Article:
Posts Tagged ‘hst’

Hubble Repaired and Improved (Video)

July 26, 2009

Recently Hubble Space Telescope was repaired and upgraded with a new equipment. I stubled across this cool video from Hubble Cast. I am so glad that they take time to create such beautiful educational videos for mortal people like me to learn about what’s going on up there. It’s pretty short, just 6 minutes, but in high quality and has a lot of space footage and Hubble pictures.

Hubble got some repairs and a new improved camera. Camera is not fully calibrated yet, testing and preparations are under way currently and it is expected to be fully operational in September. RecentĀ Jupiter impact photo was taken with this camera even when it was not fully ready yet. Hubble is truly one of the most successful space projects and one of my favourites, because of all the colorful pictures we got thanks to it.

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Compare Supernova Pictures

July 23, 2009

Some people may wonder, why do we bother with X-Ray observatories and infrared observatories. We can not see those electromagnetic waves with our eyes, what’s the point to shoot pictures in them, we have to use fake colors to view such pictures. Below are the two photos for you to compare. First one is taken by Hubble, second one is combination of Hubble photo and X-Ray photo taken by Chandra.

1E0102 Supernova pictured by Hubble Space Telescope in visible light. Image credit: HST

1E0102 Supernova pictured by Hubble Space Telescope in visible light. Click for bigger version. Image credit: HST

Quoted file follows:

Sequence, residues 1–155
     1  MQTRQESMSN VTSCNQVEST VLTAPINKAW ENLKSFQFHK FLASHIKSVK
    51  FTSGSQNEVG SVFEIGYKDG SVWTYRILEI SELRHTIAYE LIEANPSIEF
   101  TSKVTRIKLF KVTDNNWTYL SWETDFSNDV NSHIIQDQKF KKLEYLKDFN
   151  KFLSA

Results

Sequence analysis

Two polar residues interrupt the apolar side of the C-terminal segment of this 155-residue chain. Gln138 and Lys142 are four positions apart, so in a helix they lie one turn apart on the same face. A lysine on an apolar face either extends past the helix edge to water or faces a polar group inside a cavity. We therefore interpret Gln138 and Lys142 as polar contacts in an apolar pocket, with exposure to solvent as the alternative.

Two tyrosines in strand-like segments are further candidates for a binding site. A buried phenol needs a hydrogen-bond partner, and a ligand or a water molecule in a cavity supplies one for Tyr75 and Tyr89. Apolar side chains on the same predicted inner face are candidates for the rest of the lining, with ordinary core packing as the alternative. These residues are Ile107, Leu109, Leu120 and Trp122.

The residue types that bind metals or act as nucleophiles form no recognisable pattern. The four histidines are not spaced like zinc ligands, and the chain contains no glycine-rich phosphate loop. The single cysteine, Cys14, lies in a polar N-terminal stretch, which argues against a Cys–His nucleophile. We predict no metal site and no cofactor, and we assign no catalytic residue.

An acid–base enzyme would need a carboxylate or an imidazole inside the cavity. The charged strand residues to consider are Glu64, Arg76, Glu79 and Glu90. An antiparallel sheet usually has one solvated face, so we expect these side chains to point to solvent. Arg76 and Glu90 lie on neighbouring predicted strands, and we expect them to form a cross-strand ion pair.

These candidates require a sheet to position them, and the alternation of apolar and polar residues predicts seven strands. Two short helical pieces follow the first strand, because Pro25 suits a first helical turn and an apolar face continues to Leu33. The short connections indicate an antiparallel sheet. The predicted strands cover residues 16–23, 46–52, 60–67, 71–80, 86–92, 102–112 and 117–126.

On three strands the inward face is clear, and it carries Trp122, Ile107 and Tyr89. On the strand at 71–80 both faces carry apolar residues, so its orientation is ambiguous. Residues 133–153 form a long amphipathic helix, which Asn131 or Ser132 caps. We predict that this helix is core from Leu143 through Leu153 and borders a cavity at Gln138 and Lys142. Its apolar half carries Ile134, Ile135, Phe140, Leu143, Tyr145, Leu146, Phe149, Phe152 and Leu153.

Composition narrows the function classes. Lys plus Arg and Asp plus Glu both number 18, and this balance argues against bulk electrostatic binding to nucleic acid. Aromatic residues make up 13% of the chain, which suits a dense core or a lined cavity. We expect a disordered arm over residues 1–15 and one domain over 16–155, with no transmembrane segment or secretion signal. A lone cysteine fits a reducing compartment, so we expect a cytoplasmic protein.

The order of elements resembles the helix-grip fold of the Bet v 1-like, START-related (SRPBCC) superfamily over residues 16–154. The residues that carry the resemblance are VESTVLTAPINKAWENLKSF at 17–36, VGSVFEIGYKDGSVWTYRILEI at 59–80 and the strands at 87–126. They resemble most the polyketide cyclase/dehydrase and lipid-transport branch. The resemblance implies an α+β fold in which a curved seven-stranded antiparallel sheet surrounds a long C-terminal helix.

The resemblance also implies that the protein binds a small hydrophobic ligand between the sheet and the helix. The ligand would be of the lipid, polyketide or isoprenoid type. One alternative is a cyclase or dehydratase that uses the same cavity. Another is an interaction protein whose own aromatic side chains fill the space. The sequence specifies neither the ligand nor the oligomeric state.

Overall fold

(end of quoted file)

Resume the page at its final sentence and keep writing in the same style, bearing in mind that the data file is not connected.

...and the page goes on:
Same supernova composite Chandra and Hubble picture. Thanks to X-Ray we can see much more details. Click for slightly bigger version. Image credit: NASA

Same supernova composite Chandra and Hubble picture. Thanks to X-Ray we can see much more details. Click for slightly bigger version. Image credit: NASA

The truth is, in nature there is no actual difference between visible light and X-Ray or infrared or radio waves. It is all the same phenomenon, it’s just happened the way that we see visible light with our eyes, so it makes visible light kind of special for us, humans. Do you want to know why we see exactly visible light? Wait for my next post.

How Hubble Trouble Was Solved

June 30, 2009

Currently Hubble Space Telescope is known as one of the most successful space projects ever. Everyone is familiar with the best pictures it brought to us. But not everyone remembers that Hubble mission started as a disaster, because main telescope mirror appeared to be defective, first images were fuzzy, way worse than expected. That’s when “Hubble trouble” expression was born (thank you, media guys, we love you! :-)

Shortly after the launch scientists dicovered, that the main mirror could not focus light properly, it had so called spherical aberration. Good thing they didn’t give up on it (of course they didn’t, it was too expensive to give up ;-) and created a funny workaround — they replaced original camera with a new one. New camera was constructed on purpose with a special defect. It was a precisely engineered defect to exactly compensate Hubble’s mirror problem. Two combined defects appeared to give an extremely sharp image — the quality which was expected from Hubble in the beginning. About 15 years already Hubble is taking pictures with a defective mirror and camera :-)